The release of the Palestinian prisoners was framed very differently. The majority of the 7200 Palestinian prisoners currently held in Israeli jails are political prisoners and are detained without conviction under ‘administrative detention’ conducted by Israeli military courts. But little context was provided as to why these Palestinians were detained in the first place.

107 of those released were children. They were imprisoned for offences ‘against Israel’s security’, such as stone-throwing or social media messages.

The joy felt by Palestinian family members at the release of their loved ones compares to that of the Israelis. But this was not reflected in Reuters’ coverage, if there was any reporting from the scene at all.

The initial group of Palestinians released was described as:

“Thirty nine Palestinian women and minors detained on various charges.”  25/11/2023.


When the legal charge was described, it was not fully explained, for example, that ‘a knife assault’ was committed but not that it was against an Israeli occupying soldier or the military police.

Such omissions misconstrue the reality of the violence of occupation and its provocation of such acts of resistance.

Another telling point is that the Palestinian child prisoners were described very rarely as children but as ‘teenage males, teenagers’ and ‘minors’ in Reuters’ reports. No background about their trauma or personal stories was given.

It may be concluded that the discrepancy in the coverage was because the Israeli media machine seamlessly supplied stories and images of the hostages reunited with their family and such resources were lacking on the Palestinian side. Reuters, however, has the means and could have interviewed more prisoners’ families to tell the human story.

"Such de-selection deliberately misleads any reader who has a genuine wish to understand the reality of the situation in Israel and Palestine"

Finally, let's look at recurring language and tropes in relation to Hamas’ attack of the 7th October and Israel’s bombing of Gaza.

The Hamas attack on 7th October was described in the following ways:

“Hamas fighters rampaged through southern Israel killing civilians. Around 1,200 people died and 240 were dragged to Gaza as hostages according to Israel’s tally, in the deadliest day in its 75-year history.” 13/11/2023.

This is repeated in various forms in nearly every article about current events in the intro or tail:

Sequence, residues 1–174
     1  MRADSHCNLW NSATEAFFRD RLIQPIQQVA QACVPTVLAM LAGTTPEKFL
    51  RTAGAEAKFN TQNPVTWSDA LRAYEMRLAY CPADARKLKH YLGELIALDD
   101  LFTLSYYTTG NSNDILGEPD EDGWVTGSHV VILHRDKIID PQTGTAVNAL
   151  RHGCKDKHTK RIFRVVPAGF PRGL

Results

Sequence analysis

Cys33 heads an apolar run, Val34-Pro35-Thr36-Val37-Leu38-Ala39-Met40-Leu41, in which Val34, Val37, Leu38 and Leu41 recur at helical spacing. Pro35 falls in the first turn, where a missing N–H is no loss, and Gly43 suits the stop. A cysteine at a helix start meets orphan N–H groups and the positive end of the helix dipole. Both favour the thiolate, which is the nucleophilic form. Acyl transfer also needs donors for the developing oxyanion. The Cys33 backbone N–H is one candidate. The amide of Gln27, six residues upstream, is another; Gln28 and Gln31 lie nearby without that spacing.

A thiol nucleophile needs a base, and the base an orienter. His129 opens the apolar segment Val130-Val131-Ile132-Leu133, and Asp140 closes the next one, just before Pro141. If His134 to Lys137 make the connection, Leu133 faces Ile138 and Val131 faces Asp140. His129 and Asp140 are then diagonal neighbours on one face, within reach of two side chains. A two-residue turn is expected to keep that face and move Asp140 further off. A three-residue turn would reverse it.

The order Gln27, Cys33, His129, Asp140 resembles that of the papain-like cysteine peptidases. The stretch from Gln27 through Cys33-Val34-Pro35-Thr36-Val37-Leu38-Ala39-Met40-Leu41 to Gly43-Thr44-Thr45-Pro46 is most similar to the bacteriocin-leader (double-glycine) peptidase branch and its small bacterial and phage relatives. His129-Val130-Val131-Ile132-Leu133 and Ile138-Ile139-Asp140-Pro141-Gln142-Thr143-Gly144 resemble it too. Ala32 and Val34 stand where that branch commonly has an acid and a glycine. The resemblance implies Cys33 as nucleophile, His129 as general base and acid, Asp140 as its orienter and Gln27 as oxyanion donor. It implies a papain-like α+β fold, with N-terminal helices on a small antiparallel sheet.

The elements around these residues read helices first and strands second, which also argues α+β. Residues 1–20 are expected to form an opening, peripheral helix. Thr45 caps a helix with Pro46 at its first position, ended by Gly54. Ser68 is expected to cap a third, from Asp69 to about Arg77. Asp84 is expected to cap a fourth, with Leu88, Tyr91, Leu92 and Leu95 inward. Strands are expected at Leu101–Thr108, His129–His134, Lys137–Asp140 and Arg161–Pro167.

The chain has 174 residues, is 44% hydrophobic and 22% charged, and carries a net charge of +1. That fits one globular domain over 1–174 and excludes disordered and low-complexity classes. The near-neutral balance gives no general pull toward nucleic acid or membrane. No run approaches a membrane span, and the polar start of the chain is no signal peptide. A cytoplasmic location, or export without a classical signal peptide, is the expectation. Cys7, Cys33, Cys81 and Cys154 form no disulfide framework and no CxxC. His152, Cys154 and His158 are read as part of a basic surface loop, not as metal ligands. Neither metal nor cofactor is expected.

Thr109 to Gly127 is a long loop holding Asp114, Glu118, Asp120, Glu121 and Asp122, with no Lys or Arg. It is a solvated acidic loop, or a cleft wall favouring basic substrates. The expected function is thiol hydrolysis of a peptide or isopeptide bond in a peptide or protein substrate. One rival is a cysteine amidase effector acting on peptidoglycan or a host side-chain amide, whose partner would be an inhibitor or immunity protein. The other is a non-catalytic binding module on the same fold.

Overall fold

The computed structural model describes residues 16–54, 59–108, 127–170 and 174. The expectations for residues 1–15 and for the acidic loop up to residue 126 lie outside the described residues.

“Israel has vowed to annihilate the Hamas movement that rules the Gaza Strip in retribution for the deadliest attack on Jews since the Holocaust, when hundreds of gunmen poured across the barrier fence and rampaged through Israeli towns on Saturday.” 9/10/2023.

The description of the Hamas attack as a ‘rampage’ may not be inaccurate. But the use of such emotive language often in Reuters’ reporting as context for the Israeli bombing of Gaza gives the readers a contextual frame to view and rationalise Palestinian deaths.

Conversely, in describing the human cost of the war on Gaza, Reuters writes:

“Palestinian health authorities said nearly 21,000 people had been killed in Israeli strikes, with thousands more feared buried under rubble” 28/12/ 2023.

Similar re-caps have been repeated in numerous reports from the start of the Israeli onslaught, only amended to document the increasing number of casualties. The language used and framing of this information is done in a clinical manner.

The numbers speak for themselves, to be sure, but the perfunctory way the statistics are rolled out dehumanises Palestinians.

The contextual framing constructing the discourse of the indiscriminate bombing of Palestinians is overwhelmingly one of Israeli retaliation. Conversely, however, no context is given for the 7th October attacks.

In all the articles seen, not one mentioned the reality of the 17-year-long Israeli blockade of Gaza and its UN designation as Israeli occupied territory. Reuters refers to Gaza rather fuzzily as ‘a coastal enclave’ omitting the fact of 75 years of Palestinian displacement and that 80% of Palestinians in Gaza are refugees from 1948.

Reuters avoids such contextualisation. Only one quote about the historical causes of the violence was found, from Hamas leader, Ismail Haniyeh:

"How many times have we warned you that the Palestinian people have been living in refugee camps for 75 years, and you refuse to recognise the rights of our people?" 9/10/2023.

When some background is given, Reuters misleads the reader:

“Gaza's 75 years of woe from the end of British rule to the present day - a brief history.” 12/10/2023.

The link leads to a page which omits any information about the violent creation of Israel by Zionist militias and their expulsion of the Palestinians.

"Reuters' coverage, seen daily by one billion readers, is aligned with the aggressor in what may be imminently proved to be genocide at the ICJ"

Such de-selection deliberately misleads any reader who has a genuine wish to understand the reality of the situation in Israel and Palestine.

In addition, Reuters relies disproportionately heavily on Israeli sources and many of the articles are dominated by the tone set by Israeli messaging. The few sources that bear witness to the killing and terrible suffering in Gaza come from humanitarian organisations such as the UN and WHO and only occasionally are Palestinian voices heard.

In just this exploratory analysis of Reuters’ reporting on the war on Gaza, the bias, omissions and decontextualization are clear. Reuters’ coverage, seen daily by one billion readers, is aligned with the aggressor in what may be imminently proved to be genocide at the ICJ.

Such epistemic violence is one which the oppressed and many in the Global South understand well, as do western readers who make an effort to access alternative news sources and on-the-ground voices through social media that challenge the dominant Western news paradigms.

Dr. Anna Saif is an independent researcher and formerly lectured at the Universities of Surrey, Portsmouth and Birzeit. Her principle research interests focus on textual and visual colonial discourse analysis with particular interest in the Arab world.

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Opinions expressed in this article remain those of the author and do not necessarily represent those of The New Arab, its editorial board or staff.